I want to do a spring perch roller conversion. I've searched several distributors and finally found one that can supply a needle bearing with an inner hardened race that will fit into the stock perches' existing tube and use the existing shaft -- 1 3/8" O.D. for the bearing, 7/8" I.D. on the inner race (I think those are the correct dimensions of the perch, can anyone confirm that for me? Thanks!) The bearings would be press fit onto the shaft and into the tube.
The bearings are 1" wide with an 11,100 pound static, and 5,800 pound dynamic load rating. They also make .75" and .5" bearings with somewhat lower ratings.
These cost a fair bit more than the ball bearings (the inner races are what get pricey) but they would spread the load over a vastly larger bearing surface - almost a full inch on at least two rollers per each bearing (2 bearings per perch, so at least four rollers). Also of course there would be no need to cut the perch and weld in a new pipe.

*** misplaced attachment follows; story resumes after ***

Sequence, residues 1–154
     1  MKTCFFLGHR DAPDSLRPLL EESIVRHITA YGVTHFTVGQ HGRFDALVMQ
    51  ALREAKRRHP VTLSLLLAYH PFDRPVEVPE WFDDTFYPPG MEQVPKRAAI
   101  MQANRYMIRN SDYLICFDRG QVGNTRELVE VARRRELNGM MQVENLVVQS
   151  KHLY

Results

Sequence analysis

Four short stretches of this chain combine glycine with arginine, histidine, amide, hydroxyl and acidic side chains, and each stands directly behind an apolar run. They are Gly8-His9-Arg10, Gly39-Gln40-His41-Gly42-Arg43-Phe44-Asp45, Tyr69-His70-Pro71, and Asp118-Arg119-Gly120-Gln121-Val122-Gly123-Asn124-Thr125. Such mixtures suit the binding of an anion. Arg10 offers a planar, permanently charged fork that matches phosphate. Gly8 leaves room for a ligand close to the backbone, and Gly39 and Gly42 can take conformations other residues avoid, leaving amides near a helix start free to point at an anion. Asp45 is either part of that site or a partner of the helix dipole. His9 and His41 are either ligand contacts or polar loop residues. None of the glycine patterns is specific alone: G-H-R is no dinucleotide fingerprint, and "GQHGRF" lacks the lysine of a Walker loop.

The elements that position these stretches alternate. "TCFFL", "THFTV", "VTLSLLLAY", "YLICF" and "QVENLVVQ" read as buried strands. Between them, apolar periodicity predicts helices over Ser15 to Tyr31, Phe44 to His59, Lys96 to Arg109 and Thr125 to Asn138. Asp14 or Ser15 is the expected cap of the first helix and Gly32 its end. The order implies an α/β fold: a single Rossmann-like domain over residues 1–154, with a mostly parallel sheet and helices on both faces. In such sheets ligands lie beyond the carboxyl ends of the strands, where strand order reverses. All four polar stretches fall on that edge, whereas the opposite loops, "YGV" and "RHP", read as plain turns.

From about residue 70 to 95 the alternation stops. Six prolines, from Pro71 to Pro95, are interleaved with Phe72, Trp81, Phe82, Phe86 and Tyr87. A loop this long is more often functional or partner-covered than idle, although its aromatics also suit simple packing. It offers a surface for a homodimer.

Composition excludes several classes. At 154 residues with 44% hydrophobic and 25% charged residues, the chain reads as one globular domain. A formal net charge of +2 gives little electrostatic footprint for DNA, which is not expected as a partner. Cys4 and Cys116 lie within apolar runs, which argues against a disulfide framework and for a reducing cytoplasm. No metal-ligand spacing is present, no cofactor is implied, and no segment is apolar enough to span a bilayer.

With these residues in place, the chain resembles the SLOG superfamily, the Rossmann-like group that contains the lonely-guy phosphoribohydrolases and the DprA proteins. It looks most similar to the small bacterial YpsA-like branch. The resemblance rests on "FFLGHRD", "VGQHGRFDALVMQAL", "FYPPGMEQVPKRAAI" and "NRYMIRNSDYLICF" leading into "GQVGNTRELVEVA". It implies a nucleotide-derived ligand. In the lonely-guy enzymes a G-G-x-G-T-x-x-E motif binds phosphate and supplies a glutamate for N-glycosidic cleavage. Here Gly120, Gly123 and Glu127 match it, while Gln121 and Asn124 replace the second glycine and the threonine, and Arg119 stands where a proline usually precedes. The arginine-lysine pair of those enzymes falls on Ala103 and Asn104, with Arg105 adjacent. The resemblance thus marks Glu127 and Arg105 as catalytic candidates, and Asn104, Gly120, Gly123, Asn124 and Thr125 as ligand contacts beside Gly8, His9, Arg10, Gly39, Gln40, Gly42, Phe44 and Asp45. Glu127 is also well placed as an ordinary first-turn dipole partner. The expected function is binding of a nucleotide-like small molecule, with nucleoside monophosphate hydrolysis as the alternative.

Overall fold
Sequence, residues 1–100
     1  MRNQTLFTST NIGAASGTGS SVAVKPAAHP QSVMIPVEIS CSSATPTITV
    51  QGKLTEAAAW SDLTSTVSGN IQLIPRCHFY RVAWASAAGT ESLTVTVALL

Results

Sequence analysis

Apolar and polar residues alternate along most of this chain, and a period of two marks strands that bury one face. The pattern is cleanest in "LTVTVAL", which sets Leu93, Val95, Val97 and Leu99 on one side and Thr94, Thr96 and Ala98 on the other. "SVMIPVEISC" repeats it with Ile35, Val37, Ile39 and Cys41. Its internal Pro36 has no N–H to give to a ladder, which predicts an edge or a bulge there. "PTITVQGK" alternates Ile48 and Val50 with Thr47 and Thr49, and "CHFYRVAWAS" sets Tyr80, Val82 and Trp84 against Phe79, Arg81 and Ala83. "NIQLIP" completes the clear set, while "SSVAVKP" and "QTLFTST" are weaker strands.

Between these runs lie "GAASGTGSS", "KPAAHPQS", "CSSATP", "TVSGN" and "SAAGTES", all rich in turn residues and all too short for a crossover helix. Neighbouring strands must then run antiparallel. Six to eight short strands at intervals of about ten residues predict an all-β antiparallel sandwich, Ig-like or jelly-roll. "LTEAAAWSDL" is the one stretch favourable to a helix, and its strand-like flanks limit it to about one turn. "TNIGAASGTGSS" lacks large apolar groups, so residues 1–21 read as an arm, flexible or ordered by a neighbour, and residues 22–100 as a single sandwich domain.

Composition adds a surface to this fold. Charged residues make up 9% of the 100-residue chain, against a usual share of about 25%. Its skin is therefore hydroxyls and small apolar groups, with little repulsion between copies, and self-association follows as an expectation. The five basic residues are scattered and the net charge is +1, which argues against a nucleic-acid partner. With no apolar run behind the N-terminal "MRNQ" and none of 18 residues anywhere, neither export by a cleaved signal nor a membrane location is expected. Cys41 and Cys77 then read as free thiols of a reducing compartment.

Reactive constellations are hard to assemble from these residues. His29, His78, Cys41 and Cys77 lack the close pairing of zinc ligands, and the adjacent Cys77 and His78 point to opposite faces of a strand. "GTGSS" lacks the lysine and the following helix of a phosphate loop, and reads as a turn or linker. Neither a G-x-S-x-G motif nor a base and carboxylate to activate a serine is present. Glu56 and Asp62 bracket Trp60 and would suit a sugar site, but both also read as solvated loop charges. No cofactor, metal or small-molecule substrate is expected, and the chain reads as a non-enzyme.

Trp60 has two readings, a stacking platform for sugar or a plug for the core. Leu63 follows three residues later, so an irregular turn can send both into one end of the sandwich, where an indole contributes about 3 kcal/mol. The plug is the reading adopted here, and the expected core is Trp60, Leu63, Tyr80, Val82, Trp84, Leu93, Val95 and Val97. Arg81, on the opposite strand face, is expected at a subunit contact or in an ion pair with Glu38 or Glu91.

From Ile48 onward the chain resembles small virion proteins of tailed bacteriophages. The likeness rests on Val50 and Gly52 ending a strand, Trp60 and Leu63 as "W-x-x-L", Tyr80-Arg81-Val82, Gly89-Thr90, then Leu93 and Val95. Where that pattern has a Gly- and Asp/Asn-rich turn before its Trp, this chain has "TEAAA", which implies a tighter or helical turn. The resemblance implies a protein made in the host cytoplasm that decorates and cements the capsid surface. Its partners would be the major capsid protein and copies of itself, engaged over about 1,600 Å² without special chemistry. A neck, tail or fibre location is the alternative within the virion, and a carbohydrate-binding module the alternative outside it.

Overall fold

One downside is that needle bearings (at least these) are not sealed, they would need to be greased on an ongoing basis.
Just wondering what you guy's (and gal's) opinions are of using a needle bearing instead of a ball bearing?
Thanks, that is good information to know. Since the cars use needle "type" bearings for the spindles I thought they would good for the perches, but your comments suggest that they may not be a good choice. What do you think of regular ball bearings in this application? Or are bronze bushings better to deal with the repetitive shock load?
A better comparison would be the use of needle bearings as rear axle bearings on some products, notably vintage GM products IME. This bearing arrangement is one of the first things changed when converting the axles to racing use, and those needle bearings are much larger in diameter than what I believe you are proposing.
Angular contact (or tapered) needle roller bearings, as used on automobile spindles, are quite strong. You'll note a substantial difference in the diameter and diameter vs length in such bearings, combined with a different load characteristic. I have very little trouble with such bearings.